Finding an abode in my own,

I remembered my friend, I remembered my home.

饿鬼


Spider Thread
Spider Thread

When in hell, your only salvation is to know you are an 饿鬼.

Maybe then you would not cling to the breaking string that climbs to distant heaven.

Through what unimaginable odds would you have to endure until every 饿鬼, patient as yourself, waited for hell to empty up that string?

And if the string broke for the last one, your only salvation is to know you are an 饿鬼.

My contemplation of the short story, the Spider’s Thread.

Actaeon’s Haven


Artemis and Actaeon
Artemis and Actaeon

Anger, jealousy, resentment.  All these things I have felt as I suffer through a world of two duals.  To get the more favorable outcome only gives me temporary solace as I am drawn deeper into a game with no ultimate win.  Yet to lose this game can be strangely liberating.

I am Actaeon.  I have reached for the boon and have been destroyed.  Now in my obliteration, looking only at the world as it is without any wish for something different, I am happy.  I can smile at things for what they are.  My mind is at peace.  Yet the moment is brief.  In a blink, I will again be playing, winning, losing, and returning here: Actaeon’s Haven.

Logistic Map and Lyapunov Exponent


Lyapunov Exponent for the Speading of Two Close Points on a Logistic Map
Lyapunov Exponent for the Speading of Two Close Points on a Logistic Map

LogisticMap is a C# Windows application that I developed for homework in my Statistical Mechanics class.  The application plots the spread between two points on a logistic map and calculates the Lyapunov exponent for the spreading.  LogisticMap is a solution to Exercise 5.9 in Dr. James Sethna’s Statistical Mechanics: Entropy, Order Parameters, and Complexity.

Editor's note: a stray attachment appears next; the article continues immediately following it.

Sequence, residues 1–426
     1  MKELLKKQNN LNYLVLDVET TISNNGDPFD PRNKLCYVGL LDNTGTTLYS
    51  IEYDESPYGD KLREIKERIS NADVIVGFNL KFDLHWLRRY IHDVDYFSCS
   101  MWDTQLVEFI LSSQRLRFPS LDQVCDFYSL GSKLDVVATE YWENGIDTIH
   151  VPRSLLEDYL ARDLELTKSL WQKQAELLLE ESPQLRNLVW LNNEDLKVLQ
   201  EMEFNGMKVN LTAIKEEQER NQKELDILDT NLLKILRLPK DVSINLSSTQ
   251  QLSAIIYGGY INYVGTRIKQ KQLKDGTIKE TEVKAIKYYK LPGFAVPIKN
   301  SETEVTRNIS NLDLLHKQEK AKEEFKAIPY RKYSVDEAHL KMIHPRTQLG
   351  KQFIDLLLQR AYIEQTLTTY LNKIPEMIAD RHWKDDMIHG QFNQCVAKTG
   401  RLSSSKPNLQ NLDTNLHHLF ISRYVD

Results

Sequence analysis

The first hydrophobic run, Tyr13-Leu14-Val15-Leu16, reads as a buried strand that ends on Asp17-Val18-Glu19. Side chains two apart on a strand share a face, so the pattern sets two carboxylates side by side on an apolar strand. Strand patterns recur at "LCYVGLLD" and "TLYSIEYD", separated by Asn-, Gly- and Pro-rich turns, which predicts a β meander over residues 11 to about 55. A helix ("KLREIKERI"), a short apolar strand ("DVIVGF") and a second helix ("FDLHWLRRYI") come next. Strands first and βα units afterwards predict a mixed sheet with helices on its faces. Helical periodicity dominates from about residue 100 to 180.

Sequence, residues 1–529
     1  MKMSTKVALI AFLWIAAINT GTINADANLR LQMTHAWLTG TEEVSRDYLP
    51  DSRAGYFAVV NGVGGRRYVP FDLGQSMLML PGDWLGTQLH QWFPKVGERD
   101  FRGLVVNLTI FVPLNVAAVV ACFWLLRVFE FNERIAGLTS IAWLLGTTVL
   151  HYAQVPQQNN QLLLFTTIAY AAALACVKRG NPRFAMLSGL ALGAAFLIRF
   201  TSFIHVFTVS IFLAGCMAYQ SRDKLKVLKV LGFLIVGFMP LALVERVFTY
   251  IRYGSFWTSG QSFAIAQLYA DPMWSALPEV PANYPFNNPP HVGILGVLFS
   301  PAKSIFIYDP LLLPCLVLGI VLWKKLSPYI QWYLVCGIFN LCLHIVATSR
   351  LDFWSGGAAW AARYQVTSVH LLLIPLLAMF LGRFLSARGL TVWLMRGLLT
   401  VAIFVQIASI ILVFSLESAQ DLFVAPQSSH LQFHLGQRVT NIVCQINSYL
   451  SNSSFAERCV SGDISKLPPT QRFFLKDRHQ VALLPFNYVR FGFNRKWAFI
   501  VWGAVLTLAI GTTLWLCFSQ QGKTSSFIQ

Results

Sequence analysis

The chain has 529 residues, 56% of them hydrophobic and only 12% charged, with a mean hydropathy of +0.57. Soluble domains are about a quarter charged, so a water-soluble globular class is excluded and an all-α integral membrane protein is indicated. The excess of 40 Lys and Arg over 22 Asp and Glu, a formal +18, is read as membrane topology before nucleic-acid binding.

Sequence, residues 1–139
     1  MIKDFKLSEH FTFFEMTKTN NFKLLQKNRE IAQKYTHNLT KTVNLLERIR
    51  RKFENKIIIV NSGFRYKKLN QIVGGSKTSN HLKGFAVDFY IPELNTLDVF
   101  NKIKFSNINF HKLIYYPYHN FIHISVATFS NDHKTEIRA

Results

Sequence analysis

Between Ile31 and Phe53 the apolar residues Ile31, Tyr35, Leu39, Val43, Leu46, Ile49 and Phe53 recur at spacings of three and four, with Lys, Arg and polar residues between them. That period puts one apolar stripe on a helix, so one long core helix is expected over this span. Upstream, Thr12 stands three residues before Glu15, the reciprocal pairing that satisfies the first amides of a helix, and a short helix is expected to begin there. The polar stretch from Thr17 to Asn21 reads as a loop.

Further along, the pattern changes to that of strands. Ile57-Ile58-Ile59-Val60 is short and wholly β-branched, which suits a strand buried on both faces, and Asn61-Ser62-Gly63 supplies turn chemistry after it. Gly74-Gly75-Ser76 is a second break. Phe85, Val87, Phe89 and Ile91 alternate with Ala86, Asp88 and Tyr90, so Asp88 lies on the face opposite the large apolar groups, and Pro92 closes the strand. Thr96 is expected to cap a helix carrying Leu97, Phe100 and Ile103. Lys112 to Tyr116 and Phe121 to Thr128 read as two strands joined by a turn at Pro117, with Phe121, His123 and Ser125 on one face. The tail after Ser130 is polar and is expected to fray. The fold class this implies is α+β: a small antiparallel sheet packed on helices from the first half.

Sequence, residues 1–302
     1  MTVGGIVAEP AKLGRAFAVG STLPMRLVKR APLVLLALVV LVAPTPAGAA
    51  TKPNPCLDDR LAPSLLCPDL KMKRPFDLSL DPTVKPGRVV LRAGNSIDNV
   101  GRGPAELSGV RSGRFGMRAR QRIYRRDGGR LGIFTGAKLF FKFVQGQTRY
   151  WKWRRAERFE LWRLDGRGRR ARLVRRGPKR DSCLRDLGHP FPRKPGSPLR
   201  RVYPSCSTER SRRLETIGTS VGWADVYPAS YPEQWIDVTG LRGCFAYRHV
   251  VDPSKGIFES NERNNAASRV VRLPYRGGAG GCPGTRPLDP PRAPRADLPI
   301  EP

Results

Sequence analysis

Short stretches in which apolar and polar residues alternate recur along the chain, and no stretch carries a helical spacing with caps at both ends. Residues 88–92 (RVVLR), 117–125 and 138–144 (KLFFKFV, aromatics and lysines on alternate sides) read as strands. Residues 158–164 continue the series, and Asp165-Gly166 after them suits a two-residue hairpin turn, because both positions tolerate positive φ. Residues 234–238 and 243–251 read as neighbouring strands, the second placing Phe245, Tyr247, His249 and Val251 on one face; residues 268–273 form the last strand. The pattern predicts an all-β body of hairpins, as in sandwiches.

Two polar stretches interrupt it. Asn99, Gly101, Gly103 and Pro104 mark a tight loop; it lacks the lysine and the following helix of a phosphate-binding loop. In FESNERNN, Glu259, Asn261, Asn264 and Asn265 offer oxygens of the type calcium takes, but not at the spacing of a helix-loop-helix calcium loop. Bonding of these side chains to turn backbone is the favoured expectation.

You can get the LogisticMap application and its source code on GitHub.

Here’s some background on the logistic map, chaos, and the Lyapunov exponent.  In the application, we are evaluating the following function:

f(x) = 4μx(1-x)

This function is called a logistic map because it takes a point between 0 and 1 and returns a different point that is also between 0 and 1.  It maps the unit interval (0,1) into itself.  We can think about the trajectory of an initial point, x0, on the map as being the successive results of plugging the previous result back into the function: f(x0), f(f(x0)), f(f(f(x0))), …

Trajectories on the Logistic Map (μ = 0.9)
Trajectories on the Logistic Map (μ = 0.9)

The trajectory depends on the value of the constant μ.  When μ = 0 obviously all trajectories will immediately converge to 0.  When μ = 0.5 all trajectories converge on 0.5 but not immediately. When μ = 0.9 the trajectories do not converge on one value, but instead wind up within a certain range of values (roughly between 0.3 and 0.6 and between 0.8 and 0.9).

Trajectories on the Logistic Map (μ = 1)
Trajectories on the Logistic Map (μ = 1)

Now when μ = 1, the trajectories do not converge on one value and their range of values is still between 0 and 1, the same range of values that we chose for the initial point.  As Sethna states, “for μ = 1, it precisely folds the unit interval in half, and stretches it (non-uniformly) to cover the original domain”.  Furthermore, two very close initial points will have dramatically different trajectories.  This sensitive dependence on the initial point is what makes the logistic map with μ = 1 a chaotic system.

It turns out that the separation between the trajectories of the two initial points grows exponentially at a rate which is called the Lyapunov exponent.  This exponential drifting eventually stops because the two trajectories are still pegged between 0 and 1, so there is a limit to how far apart they can be.  At this point, the distance of their separation will fluctuate randomly.

If you would like to compute the Lyapunov exponent for a chaotic system, try using the following values:

  • X: 0.9 (X can be any number between 0 and 1, but not 0, 0.5, or 1)
  • E: 0.00000001 (E is the small difference between the two initial points, x0 and x0+E, so it should be very small)
  • N: 50 (N is the number of computed trajectory points, so it should be reasonably large enough that the exponential spreading of the two points can be computed)
  • Mu: 1 (this is what makes the logistic map a chaotic system)

Random Walks and Emergent Properties


Histogram of the Endpoints of One Hundred Thousand Random Walks
Histogram of the Endpoints of One Hundred Thousand Random Walks